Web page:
New York Times: Moving to thwart any protests on the anniversary of a disputed election, the authorities in Iran have ordered at least two million paramilitary members into Tehran, re-arrested dissident activists furloughed from prison and aggressively enforced public bans on mingling of the sexes and un-Islamic women’s clothing.
The New York Times
By NAZILA FATHI
Moving to thwart any protests on the anniversary of a disputed election, the authorities in Iran have ordered at least two million paramilitary members into Tehran, re-arrested dissident activists furloughed from prison and aggressively enforced public bans on mingling of the sexes and un-Islamic women’s clothing.
The paramilitary deployment, reported in recent days by Iranian news agencies, and the other measures, reported by dissident Iranian Web sites and witnesses reached by telephone, come less than two weeks before the June 12 anniversary of the lopsided re-election victory of President Mahmoud Ahmadinejad. The opposition contends his re-election was rigged by Iran’s Islamic religious establishment.
The two principal opposition leaders, Mir Hussein Moussavi and Mehdi Karroubi, who have defied numerous government warnings, urged followers on Monday to march on June 12 and have sought a permit for a demonstration, according to a Web site linked to Mr. Moussavi, www.kaleme.com. It is considered highly unlikely the request will be granted.
On Monday, the Fars news agency quoted senior commanders of the Revolutionary Guards as saying they were bringing large numbers of Basij paramilitary forces from around the country into Tehran, officially to participate in the 21st anniversary of the death of the founder of the Iranian revolution, Ayatollah Ruhollah Khomeini, on Friday. But the Basijis are expected to remain in Tehran until after June 12, the commanders said.
“We are going to witness one of the most awe-inspiring Friday prayers,” a senior commander, Hossein Hamedani, was quoted as saying by Fars. The commander said five million members of the Basij had registered to participate in the ceremony.
Another commander, Ali Fazli, was quoted as saying that more than two million members would be stationed in Tehran.
Iran’s supreme religious leader, Ayatollah Ali Khamenei, is expected to lead Friday Prayer for the first time since he spoke last June 19, a week after the election, when he decreed that the vote had been fair and all protests should end.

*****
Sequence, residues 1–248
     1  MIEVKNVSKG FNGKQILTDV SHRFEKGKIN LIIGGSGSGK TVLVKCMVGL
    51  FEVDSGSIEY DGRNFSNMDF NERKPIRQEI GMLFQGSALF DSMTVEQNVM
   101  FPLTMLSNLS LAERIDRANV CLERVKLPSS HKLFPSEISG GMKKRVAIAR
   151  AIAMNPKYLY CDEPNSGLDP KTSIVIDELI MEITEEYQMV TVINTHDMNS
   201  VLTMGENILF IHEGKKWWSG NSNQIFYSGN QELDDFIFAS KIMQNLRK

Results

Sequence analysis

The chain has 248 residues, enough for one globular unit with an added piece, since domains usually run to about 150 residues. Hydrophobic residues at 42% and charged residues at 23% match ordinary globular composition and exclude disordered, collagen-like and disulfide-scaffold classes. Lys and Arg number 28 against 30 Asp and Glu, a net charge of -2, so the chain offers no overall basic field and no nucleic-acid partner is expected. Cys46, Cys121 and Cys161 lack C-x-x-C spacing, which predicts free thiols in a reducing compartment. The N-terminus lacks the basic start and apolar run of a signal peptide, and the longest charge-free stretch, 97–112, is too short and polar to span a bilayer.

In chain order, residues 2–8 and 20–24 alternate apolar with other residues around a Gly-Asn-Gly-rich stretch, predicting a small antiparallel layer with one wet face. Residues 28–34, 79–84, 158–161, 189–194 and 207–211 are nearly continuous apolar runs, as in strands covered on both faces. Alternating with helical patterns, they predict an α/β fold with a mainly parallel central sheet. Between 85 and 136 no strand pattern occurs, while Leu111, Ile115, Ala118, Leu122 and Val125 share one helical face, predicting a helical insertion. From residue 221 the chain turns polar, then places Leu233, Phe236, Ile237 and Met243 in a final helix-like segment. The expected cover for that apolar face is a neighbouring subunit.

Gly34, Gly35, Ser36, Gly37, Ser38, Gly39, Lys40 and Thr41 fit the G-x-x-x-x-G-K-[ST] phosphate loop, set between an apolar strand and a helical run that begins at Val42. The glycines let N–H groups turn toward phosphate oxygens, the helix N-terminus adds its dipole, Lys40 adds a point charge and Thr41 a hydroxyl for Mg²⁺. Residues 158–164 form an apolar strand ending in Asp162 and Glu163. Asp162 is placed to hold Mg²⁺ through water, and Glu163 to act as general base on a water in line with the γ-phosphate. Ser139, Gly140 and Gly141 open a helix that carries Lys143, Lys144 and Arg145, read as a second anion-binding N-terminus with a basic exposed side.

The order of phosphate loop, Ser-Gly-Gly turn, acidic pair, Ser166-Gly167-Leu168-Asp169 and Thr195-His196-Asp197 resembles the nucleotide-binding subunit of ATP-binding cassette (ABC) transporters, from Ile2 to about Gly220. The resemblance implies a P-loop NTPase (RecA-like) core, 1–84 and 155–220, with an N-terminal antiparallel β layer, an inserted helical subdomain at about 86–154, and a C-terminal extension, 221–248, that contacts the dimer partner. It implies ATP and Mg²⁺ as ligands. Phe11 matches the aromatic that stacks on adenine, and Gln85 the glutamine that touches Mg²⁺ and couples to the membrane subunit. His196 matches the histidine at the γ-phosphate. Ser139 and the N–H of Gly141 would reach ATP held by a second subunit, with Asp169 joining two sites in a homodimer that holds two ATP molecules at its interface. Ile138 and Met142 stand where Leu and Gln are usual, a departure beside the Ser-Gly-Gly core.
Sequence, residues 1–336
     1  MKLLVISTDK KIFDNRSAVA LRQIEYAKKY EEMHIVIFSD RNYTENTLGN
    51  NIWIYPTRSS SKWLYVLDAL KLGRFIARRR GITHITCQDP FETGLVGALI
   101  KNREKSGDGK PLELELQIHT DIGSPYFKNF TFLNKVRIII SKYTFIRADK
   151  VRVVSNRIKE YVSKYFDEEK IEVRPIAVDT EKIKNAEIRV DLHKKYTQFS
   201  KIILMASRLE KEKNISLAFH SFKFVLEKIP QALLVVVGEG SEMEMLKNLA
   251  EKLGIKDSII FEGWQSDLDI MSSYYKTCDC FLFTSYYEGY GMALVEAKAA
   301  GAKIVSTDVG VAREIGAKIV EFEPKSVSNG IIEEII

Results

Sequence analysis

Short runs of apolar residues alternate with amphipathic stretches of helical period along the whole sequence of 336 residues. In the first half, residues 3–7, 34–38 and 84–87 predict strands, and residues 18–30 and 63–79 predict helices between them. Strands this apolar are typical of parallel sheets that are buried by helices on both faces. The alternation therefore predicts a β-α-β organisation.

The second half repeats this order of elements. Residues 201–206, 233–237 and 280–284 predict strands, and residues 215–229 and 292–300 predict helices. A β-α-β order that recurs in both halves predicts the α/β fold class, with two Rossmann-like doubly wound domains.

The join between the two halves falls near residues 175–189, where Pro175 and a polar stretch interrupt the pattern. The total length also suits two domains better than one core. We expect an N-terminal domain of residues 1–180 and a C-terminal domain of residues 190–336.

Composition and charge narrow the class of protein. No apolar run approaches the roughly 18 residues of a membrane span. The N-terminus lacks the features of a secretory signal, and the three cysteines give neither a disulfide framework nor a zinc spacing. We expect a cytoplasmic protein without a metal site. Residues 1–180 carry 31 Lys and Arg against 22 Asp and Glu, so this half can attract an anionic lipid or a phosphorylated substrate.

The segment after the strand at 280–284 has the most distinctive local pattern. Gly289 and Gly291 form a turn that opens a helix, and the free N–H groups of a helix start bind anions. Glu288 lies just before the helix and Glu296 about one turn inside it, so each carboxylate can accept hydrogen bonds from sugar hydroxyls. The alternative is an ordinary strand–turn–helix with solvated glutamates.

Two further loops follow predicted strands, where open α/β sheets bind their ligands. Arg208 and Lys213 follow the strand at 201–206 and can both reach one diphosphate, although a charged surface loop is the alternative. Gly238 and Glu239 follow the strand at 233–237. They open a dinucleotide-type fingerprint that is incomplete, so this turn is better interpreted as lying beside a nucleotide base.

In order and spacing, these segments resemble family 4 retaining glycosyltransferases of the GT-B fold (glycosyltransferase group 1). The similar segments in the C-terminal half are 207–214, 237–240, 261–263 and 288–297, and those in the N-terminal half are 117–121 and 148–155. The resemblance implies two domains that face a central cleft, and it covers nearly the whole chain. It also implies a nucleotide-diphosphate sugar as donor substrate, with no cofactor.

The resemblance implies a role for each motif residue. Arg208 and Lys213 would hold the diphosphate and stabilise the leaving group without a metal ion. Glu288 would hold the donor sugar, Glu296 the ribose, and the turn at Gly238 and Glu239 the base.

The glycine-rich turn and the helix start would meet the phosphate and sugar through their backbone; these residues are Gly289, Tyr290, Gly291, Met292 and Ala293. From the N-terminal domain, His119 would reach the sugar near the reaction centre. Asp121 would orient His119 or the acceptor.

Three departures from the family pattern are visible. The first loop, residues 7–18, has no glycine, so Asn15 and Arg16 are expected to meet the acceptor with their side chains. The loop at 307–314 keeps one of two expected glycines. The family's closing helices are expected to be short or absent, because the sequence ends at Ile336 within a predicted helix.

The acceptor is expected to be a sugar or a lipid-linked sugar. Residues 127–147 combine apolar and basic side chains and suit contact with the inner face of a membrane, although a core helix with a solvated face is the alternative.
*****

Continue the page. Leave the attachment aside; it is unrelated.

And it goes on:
Opposition Web sites reported that Iran’s judicial authorities have begun a new clampdown in recent days, summoning high-profile political prisoners who had been granted leave from prison since the Persian New Year holidays in March, and transferring many to prisons outside Tehran.
Some opposition Web sites and witnesses reached by telephone in Tehran reported that since Saturday, police squads have begun an aggressive effort to enforce chastity rules on young people, preventing unwed couples from walking together and forcing women to wear proper Islamic attire. The measure appears to be aimed at keeping the youths, who had a dominant presence in the post-election protests last year, off the streets.
Women have been required since the 1979 revolution to cover their hair and wear dark long shapeless coats to cover their bodies. But women have been pushing back the restrictions on their clothing over the past three decades, making the coats more colorful, tighter and shorter, and the headscarves smaller.
Although the chastity rules are often enforced at the beginning of the summer when the weather warms, Tehran residents said that the crackdown this year was comparable in severity to the early days of the revolution.
One woman in Tehran reached by telephone, who withheld her name for fear of retribution, said the scale of intimidation was so large that many women were not leaving their homes because they no longer had the proper clothes.
The ILNA news agency posted photos on Saturday of a police crackdown in Tehran in which officers stopped 30 cars to check on possible violators of the women’s dress code. Some of the cars were seized, ILNA reported, and owners were required to retrieve them after paying fines.
In addition, a new court has been set up to deal with women who violate the dress code, Fars reported Monday.
The opposition Web site Iran Green Voice reported that students had circulated a petition at Tehran University on Saturday to condemn the measures. “Such measures do not lead to chastity in society,” the petition said.